Alexander M Capron

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This report summarizes the results of the first phase in the development of international guidelines for death determination, focusing on the biology of death and the dying process, developed by an invitational forum of international content experts and representatives of a number of professional societies. Precise terminology was developed in order to(More)
Of the roughly 40 million people living with HIV [1], an estimated 6 million in developing countries urgently need life-saving antiretroviral therapy (ART) [2]. Yet when the 3 by 5 Initiative was launched by the World Health Organization (WHO) and the Joint United Nations Programme on HIV/AIDS (UNAIDS) in December 2003—an initiative that aims to treat 3(More)
By 2005, human organ trafficking, commercialization, and transplant tourism had become a prominent and pervasive influence on transplantation therapy. The most common source of organs was impoverished people in India, Pakistan, Egypt, and the Philippines, deceased organ donors in Colombia, and executed prisoners in China. In response, in May 2008, The(More)
BACKGROUND The U.S. Office for Human Research Protections has proposed that end points of randomized trials comparing the effectiveness of standard medical practices are risks of research that would require disclosure and written informed consent, but data are lacking on the views of potential participants. OBJECTIVE To assess attitudes of U.S. adults(More)
BACKGROUND/AIMS Leaders in the fields of nutrigenomics/genetics can benefit from studying the ethical and social issues raised by comparable biomedical developments in the recent past and their consequences for science and society. METHODS Experience with recombinant DNA research, beginning in the early 1970s, and its commercial application, and with(More)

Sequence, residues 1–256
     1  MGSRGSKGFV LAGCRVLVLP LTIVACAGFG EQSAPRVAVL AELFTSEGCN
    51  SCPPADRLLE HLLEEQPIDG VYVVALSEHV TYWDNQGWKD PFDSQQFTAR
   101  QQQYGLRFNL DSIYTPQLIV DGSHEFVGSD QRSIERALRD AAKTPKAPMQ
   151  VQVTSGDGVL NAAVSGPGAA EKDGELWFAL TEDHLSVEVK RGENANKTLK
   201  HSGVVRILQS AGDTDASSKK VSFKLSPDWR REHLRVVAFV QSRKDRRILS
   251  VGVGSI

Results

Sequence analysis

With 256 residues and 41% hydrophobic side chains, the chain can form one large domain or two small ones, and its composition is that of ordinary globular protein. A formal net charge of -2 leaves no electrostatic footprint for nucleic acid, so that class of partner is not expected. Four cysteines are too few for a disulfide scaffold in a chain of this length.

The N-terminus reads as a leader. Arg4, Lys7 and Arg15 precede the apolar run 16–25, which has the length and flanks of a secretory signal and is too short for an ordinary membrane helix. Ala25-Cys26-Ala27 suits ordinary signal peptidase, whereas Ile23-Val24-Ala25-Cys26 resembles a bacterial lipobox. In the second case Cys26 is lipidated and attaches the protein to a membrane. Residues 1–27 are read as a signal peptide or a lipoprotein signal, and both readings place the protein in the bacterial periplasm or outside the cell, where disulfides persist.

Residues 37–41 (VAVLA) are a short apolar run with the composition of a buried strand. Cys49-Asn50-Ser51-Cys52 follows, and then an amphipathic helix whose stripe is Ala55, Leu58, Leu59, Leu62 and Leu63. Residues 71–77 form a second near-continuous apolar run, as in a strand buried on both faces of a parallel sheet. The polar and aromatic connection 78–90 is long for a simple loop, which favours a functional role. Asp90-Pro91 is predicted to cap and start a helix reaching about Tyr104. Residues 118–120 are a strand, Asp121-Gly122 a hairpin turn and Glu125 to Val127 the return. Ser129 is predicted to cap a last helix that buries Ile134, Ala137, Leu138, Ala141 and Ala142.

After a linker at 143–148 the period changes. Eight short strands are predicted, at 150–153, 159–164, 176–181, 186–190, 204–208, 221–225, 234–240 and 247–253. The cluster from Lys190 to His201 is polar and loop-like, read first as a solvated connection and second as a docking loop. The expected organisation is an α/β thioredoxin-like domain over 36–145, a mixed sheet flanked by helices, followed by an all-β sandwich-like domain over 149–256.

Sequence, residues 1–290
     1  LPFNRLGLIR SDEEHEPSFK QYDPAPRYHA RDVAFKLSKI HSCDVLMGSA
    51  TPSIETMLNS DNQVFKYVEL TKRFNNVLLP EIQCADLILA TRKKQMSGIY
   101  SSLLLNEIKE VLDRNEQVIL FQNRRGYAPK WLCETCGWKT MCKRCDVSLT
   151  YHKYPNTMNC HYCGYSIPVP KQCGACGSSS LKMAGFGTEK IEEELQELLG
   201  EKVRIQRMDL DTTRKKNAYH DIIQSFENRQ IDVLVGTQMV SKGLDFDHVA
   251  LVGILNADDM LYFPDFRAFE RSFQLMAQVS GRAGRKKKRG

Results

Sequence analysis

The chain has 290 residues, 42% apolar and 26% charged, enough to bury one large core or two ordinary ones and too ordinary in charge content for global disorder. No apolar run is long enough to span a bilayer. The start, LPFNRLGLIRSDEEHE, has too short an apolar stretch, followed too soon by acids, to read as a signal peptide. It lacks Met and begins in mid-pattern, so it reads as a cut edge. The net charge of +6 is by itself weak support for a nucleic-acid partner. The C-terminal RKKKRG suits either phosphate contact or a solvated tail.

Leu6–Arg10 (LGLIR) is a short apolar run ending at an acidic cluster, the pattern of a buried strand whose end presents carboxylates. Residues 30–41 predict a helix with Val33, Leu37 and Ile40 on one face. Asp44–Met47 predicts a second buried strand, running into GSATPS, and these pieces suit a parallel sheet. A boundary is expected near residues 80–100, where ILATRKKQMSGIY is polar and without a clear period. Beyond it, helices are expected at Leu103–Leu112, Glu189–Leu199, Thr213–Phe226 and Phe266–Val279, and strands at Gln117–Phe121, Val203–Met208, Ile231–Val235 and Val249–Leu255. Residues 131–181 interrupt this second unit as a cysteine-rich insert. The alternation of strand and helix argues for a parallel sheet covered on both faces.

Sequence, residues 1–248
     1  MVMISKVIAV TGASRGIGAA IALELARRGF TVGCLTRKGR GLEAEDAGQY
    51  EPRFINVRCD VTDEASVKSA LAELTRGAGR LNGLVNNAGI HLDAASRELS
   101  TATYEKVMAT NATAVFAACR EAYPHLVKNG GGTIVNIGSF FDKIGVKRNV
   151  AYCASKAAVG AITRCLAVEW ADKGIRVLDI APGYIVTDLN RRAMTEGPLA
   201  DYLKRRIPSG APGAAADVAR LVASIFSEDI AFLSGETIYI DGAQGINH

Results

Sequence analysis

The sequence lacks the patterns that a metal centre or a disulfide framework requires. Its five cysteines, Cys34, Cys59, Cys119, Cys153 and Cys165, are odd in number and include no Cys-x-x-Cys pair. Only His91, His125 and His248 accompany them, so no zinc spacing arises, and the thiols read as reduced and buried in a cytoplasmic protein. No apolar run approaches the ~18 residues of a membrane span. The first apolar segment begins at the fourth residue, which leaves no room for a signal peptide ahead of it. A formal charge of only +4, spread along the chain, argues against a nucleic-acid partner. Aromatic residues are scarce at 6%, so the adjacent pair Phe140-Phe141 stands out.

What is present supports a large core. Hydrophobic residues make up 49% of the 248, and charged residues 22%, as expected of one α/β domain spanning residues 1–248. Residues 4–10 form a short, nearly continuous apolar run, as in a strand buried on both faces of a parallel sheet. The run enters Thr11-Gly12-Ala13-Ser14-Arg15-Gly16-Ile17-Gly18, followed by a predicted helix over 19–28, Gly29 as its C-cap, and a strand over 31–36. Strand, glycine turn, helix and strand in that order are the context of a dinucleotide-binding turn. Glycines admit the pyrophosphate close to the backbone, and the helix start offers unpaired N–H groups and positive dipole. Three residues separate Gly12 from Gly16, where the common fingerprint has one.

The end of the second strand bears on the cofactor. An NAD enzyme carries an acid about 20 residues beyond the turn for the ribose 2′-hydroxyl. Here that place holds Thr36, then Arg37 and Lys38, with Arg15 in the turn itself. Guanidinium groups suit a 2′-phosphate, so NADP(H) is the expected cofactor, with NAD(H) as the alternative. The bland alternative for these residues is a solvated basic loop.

The recent abandonment of the only active US protocol for harvesting organs from anencephalic "donors" indicates both the practical and the ethical problems inherent in such an effort. Various data suggest that surprisingly few such organs would actually end up benefiting other children. Attempts to revise either the Uniform Anatomical Gift Act or the(More)
Proposals to use organs from anencephalic infants to meet the growing need for transplantable organs are well-meaning but misguided. It would be unwise to amend the Uniform Determination of Death Act to classify anencephalics as "dead." They are in the same situation as other patients (such as the permanently comatose). Likewise, amending the Anatomical(More)
The transplantation of human cells and tissues has become a global enterprise for both life-saving and life-enhancing purposes. Yet current practices raise numerous ethical and policy issues relating to informed consent for donation, profit-making, and quality and safety in the procurement, processing, distribution, and international circulation of human(More)